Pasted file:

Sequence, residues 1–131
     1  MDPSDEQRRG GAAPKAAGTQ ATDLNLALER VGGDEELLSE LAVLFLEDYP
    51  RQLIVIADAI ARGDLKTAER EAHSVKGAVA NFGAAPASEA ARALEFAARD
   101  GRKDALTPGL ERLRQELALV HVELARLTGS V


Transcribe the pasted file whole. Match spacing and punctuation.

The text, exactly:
Sequence, residues 1–131
     1  MDPSDEQRRG GAAPKAAGTQ ATDLNLALER VGGDEELLSE LAVLFLEDYP
    51  RQLIVIADAI ARGDLKTAER EAHSVKGAVA NFGAAPASEA ARALEFAARD
   101  GRKDALTPGL ERLRQELALV HVELARLTGS V